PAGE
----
project x: a puppet primer

My artistic collaborator on Project X has requested I describe the types of puppetry available to us, and so this post is intended as a whistle-stop guide. If much of what’s on view below is in the asian/eastern tradition, it’s because that’s where the roots of puppetry lie, and where even today the art of the puppeteer is most honoured. This is a bit of a marathon post, with a lot of links to be explored in it. However, if you’ve an interest in puppetry as a performance art, then don’t miss any of them. The skills and artistry on view in the clips are immensely impressive.


‘Marionette’ is the name of any puppet worked from above by strings. Marionette puppeteers can either stand in full view of the audience as they operate… as often happened in popular cabaret performances of the past… or work from a gantry above the puppet stage, out of public view behind the proscenium arch. In the past, opera performances were often given by marionettes, the singers out of sight in the wings. Mozart himself would have been entirely familiar and at ease with performances of his operas given by marionettes. There were all sorts of good reasons for this approach. The elaborate sets, special effects and costumes could be produced at a fraction of the cost of any full-size production.

However there is another reason that is far more to do with aesthetics. For anyone who finds the overblown theatrics of grand opera to be distracting from the music, then a well produced marionette version will be a revelation. Stage effects and dramatic scenarios that have the potential to become ludicrous with singers and stage machinery, work wonderfully with marionettes. Being constructs, creatures of wood and paint and mechanics, they fit better with the ornate and artificial world of the music, and whatever unlikely antics the puppets get up to, are far easier on the eye and the imagination than when corporeal flesh is involved. How often I’ve sat in an opera house bewitched by the voices and music, and yet brought down by the inability of the singers to visually match the sounds produced. For me, marionette operas are an art-form I’d love to see revived.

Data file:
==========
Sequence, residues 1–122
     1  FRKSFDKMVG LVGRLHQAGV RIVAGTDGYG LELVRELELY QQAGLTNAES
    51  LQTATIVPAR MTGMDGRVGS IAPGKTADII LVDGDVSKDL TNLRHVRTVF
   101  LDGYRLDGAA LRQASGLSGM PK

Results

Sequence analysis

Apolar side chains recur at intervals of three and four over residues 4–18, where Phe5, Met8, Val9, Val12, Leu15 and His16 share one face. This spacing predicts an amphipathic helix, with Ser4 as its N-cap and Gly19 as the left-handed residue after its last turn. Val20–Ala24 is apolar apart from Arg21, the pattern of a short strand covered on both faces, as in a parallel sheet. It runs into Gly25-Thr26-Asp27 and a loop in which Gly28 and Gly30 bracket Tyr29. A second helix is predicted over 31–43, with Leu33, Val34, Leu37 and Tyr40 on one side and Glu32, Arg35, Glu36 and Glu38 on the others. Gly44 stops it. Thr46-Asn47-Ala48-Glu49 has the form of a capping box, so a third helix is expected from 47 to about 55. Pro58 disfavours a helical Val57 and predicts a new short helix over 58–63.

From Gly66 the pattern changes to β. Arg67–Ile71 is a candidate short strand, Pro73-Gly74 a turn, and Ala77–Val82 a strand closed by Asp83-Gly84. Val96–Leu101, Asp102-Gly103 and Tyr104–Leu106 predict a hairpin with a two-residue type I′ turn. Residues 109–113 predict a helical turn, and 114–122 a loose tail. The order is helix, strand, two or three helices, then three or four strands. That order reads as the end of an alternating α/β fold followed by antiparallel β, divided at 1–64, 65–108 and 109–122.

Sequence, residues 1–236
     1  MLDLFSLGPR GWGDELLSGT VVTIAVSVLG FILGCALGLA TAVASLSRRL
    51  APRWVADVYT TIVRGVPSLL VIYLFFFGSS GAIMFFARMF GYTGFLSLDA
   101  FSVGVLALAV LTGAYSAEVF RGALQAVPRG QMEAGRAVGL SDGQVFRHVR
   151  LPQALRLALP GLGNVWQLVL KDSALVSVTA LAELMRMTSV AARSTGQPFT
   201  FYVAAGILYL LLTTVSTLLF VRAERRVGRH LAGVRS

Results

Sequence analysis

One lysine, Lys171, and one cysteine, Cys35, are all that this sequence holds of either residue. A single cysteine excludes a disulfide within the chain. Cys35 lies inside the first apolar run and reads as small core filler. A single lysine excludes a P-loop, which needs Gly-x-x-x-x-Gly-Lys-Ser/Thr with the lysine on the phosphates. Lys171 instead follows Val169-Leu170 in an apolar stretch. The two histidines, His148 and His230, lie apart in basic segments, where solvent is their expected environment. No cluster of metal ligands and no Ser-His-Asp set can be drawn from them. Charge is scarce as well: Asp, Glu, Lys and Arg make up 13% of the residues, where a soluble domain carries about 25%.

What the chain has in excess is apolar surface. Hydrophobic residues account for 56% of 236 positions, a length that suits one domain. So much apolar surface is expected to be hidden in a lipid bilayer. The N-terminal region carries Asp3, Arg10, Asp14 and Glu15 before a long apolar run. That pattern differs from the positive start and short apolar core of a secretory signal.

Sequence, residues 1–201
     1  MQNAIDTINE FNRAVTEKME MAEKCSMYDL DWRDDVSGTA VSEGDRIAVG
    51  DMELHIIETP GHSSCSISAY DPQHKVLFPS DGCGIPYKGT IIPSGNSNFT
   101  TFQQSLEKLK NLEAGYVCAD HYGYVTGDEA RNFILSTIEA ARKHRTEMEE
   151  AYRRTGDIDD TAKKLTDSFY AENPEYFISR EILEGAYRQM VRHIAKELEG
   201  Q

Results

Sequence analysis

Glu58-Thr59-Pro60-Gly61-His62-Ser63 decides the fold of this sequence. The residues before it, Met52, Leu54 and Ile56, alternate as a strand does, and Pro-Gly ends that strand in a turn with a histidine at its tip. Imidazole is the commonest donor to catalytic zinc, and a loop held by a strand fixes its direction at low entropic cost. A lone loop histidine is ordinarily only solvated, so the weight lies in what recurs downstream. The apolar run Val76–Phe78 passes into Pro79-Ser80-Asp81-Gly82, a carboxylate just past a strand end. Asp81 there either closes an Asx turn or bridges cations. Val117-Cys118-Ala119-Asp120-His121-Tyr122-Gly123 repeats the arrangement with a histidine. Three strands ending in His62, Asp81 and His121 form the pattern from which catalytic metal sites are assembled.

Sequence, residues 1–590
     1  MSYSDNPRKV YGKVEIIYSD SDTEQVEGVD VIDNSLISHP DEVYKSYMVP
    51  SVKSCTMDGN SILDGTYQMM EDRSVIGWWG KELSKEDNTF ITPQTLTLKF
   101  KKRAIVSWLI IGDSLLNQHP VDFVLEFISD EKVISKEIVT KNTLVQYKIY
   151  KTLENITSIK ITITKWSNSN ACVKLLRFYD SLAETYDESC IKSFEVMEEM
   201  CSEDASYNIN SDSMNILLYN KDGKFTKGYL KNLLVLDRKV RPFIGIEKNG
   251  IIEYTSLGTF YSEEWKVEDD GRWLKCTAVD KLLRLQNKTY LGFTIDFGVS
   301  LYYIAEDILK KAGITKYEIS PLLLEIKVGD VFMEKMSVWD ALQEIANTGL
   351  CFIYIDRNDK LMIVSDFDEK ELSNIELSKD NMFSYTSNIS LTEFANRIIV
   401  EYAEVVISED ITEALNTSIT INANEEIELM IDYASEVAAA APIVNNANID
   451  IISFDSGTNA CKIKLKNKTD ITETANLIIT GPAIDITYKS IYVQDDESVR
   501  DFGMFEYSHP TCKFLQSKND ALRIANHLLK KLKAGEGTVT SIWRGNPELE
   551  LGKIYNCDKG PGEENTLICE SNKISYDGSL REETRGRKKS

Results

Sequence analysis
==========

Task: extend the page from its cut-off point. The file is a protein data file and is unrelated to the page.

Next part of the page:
Click HERE

to see an extract  from a Salzburger Marionettentheater performance of Mozart’s Die Zauberflöte. The elegantly proportioned puppets work with tremendous liveliness and precision, the latter not a quality that comes easily to marionettes. This is as far away from the bobbing dolls of Gerry Anderson’s various t.v. series that it’s possible to get.


And click HERE

for a more contemporary spin on the marionette, with some wonderfully creepy puppets for Phantom Limb’s The Fortune Teller, designed by Eric Sanko. Imagine a production of Sondheim’s Sweeney Todd as imagined by Sanko! It would be a triumph against which to measure the lamentable mess Tim Burton made of the film. (Just my opinion here.)

Just to wind up the marionette section, don’t miss this bravura  performance by a Chinese stringed puppet. If you think it’s easy for a marionette to pick up a jug of water and to pour from it, and afterwards to put it back down again, then I suggest you try making a marionette and repeating the trick. I’ve been looking at puppets all my life and I wouldn’t know where to begin! This puppeteer smoothly defies every known law of what can’t be done with a marionette.

Click HERE and be astounded!

Quanzhou Marionette Theatre

Rod Puppets

Rod-puppet shows in the west are usually performed on raised stages called play-boards, with the puppeteers hidden from view. But in the clip below you can see the Chinese tradition of rod-puppets performed with the operators in full view. These are large puppets, and the strength and stamina required to perform with them when raised to such a height is impressive. But what blows me away with this performance, is the vitality the puppeteer imparts to the dancing Princess. Watch her hands. They never hit an ugly position. I’m enchanted too by her head movements, and the wonderful way the whip-like pheasant feathers arc and swoop, lending yet more dynamic movement to the puppet. This puppeteer certainly knows how to use the stage.

Click HERE to see the Chengdu Chinese Opera Rod-Puppets.

I’ve just watched a moving interview with head rod-puppeteer at Opera in Focus, Justin Snyder, who eloquently describes his experience of puppeteering as a skill being passed down generation to generation at the company. My thanks to Artlog visitor Robert (read what he has to say in the comment boxes at the end of this post) who alerted me to this wonderful Chicago-based puppet opera. I’d never heard about it until today, but it’s sure as hell made we want to get on a plane and visit!

Click HERE to see the interview with Justin Snyder.

Rod-puppets at Opera in Focus.

Bunraku and Bunraku-Style Puppets

Click HERE